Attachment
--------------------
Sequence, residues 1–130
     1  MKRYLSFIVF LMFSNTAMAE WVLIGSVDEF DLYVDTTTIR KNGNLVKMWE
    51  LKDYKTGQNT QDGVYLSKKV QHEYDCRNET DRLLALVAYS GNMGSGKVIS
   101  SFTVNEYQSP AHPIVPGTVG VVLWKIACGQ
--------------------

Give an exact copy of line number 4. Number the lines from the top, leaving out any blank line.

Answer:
   101  SFTVNEYQSP AHPIVPGTVG VVLWKIACGQ